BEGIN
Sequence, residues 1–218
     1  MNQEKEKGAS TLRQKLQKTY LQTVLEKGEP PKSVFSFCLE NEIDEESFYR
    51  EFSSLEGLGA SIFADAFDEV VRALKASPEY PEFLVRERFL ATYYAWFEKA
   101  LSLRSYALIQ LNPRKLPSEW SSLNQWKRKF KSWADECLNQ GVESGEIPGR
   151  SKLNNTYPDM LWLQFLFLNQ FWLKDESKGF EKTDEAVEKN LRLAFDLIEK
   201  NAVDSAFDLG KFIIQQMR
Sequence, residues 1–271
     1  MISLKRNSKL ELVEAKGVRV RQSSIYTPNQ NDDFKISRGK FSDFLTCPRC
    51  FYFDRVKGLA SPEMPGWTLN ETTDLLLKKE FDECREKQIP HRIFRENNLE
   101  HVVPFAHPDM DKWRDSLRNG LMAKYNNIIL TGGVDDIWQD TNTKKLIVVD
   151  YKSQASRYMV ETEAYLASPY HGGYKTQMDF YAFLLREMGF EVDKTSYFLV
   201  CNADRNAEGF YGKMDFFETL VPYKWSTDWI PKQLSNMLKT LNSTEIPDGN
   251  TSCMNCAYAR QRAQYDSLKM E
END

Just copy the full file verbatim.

Sequence, residues 1–218
     1  MNQEKEKGAS TLRQKLQKTY LQTVLEKGEP PKSVFSFCLE NEIDEESFYR
    51  EFSSLEGLGA SIFADAFDEV VRALKASPEY PEFLVRERFL ATYYAWFEKA
   101  LSLRSYALIQ LNPRKLPSEW SSLNQWKRKF KSWADECLNQ GVESGEIPGR
   151  SKLNNTYPDM LWLQFLFLNQ FWLKDESKGF EKTDEAVEKN LRLAFDLIEK
   201  NAVDSAFDLG KFIIQQMR
Sequence, residues 1–271
     1  MISLKRNSKL ELVEAKGVRV RQSSIYTPNQ NDDFKISRGK FSDFLTCPRC
    51  FYFDRVKGLA SPEMPGWTLN ETTDLLLKKE FDECREKQIP HRIFRENNLE
   101  HVVPFAHPDM DKWRDSLRNG LMAKYNNIIL TGGVDDIWQD TNTKKLIVVD
   151  YKSQASRYMV ETEAYLASPY HGGYKTQMDF YAFLLREMGF EVDKTSYFLV
   201  CNADRNAEGF YGKMDFFETL VPYKWSTDWI PKQLSNMLKT LNSTEIPDGN
   251  TSCMNCAYAR QRAQYDSLKM E